"There are several countries I’ve always wanted to visit but haven’t made it to yet. Any South American country would do just nicely. I’d love to go to a carnival in Rio, visit the Angel Falls in Venezuela or follow the Inca trail to Machu Picchu in Peru. India is another country that just calls out to me. But, if my publisher would be kind enough to buy me a Winnebago, I’d happily drive through every state in America. Well, okay forty-eight states. Alaska is way too cold for my liking and I’ve already visited Hawaii, though if they’re feeling generous and want to throw in a luxury cruise, I’d happily go back."
Amy told me that she thinks one reason she enjoys traveling so much is because it's always too cold in her native Britain and rains far too much.
"There’s nothing quite like the feeling of stepping of a plane and having the heat hit you. Bliss!" she said.
"Do you ever suffer from writer’s block?" I wondered. "If so, what do you do about it?"
"My answer to this question would have to be yes and no. Clear as mud? Let me try to explain. I’m never short on story ideas and in fact I have about fifty works in progress at various stages of completion. I do try to concentrate on one or two stories at a time, but as I’m a total pantser, I sometimes reach a point in a story where I have no idea what is going to happen next. And yes, I have been known to stare at my laptop screen in frustration, annoyed that the next part of the story doesn’t magically appear in my mind in flashing neon signs. But I’ve learned that when that happens, the best thing for me to do is to work on something else. Let the original story tick over for a day or two and then go back to it. A little time and distance seems to work wonders on the creative juices. Always have a back up (or several) so that if you do get stuck, you are not wasting your time writing nothing."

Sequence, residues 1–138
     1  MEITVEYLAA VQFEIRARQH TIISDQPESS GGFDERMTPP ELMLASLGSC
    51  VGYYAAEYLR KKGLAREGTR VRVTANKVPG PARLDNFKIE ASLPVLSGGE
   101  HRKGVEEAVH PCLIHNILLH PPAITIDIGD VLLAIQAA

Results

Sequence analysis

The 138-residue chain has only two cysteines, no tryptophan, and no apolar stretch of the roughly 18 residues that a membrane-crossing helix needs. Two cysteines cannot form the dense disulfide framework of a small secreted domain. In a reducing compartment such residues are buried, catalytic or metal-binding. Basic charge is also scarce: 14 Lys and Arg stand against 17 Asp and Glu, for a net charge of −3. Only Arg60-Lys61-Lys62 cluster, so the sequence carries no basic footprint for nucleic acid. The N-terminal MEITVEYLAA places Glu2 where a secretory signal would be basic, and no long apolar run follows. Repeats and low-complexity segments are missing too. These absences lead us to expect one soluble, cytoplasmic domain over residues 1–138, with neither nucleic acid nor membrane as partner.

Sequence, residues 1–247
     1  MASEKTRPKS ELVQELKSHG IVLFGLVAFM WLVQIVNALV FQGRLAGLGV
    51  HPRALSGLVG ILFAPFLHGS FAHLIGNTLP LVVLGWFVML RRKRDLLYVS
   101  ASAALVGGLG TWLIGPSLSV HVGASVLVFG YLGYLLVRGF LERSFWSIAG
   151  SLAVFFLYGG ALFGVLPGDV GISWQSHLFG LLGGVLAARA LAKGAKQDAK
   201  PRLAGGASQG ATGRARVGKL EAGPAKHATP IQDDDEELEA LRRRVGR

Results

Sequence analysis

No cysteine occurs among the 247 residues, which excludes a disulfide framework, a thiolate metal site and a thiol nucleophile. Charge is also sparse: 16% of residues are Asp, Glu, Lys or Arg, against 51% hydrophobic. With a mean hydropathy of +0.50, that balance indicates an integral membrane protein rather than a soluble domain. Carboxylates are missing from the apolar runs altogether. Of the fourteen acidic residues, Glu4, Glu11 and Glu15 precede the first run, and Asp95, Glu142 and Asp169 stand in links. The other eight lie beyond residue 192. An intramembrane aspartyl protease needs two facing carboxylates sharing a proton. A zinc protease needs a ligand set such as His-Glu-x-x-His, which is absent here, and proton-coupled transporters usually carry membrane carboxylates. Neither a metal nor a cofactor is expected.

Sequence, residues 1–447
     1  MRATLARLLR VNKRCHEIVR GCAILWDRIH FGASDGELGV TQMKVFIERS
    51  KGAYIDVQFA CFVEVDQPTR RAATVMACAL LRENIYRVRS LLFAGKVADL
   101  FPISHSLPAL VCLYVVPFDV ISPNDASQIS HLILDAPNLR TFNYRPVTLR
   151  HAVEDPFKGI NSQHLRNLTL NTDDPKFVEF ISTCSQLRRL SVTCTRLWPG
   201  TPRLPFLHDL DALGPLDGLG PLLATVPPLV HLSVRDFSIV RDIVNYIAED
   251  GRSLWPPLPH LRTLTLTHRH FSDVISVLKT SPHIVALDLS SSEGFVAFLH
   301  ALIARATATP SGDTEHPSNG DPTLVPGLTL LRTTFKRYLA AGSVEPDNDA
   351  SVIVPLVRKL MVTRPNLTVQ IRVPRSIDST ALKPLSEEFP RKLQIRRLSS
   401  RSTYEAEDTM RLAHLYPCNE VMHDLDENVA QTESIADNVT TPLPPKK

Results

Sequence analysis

Finally, I asked, "What advice would you give a new writer just starting out? "
"My advice would be to study the craft tirelessly. And by that I mean everything from reading books on writing, attending creative writing classes either in person or online and reading books in general, particularly in the genre you are interested in writing yourself. Most writers are also voracious readers. But the important thing when reading I think is to study each sentence closely. Pay attention to how they are constructed, to word choice and punctuation. Maybe find an online critique group that gives you feedback on what you’ve written. But the most important advice I can give is just to write. That might sound obvious, but writing is a skill and is something that can be learned and improved upon. The more you write, the better you will become. "
About the Author:
Find Amy online at
When the highly eligible and overtly handsome Mr. Fitzwilliam Darcy first arrives in Hertfordshire, Elizabeth Bennet is instantly captivated, but his proud and arrogant manner is at odds with the heated glances he throws her way. Electrifying sexual tension soon leads to an unexpected kiss and Elizabeth’s world is turned upside down.
Misconceptions ensue and judgments abound but the attraction between the young couple endures. Can Elizabeth overlook social convention and give in to her desires for Darcy or will their Pride and Prejudice tear them apart?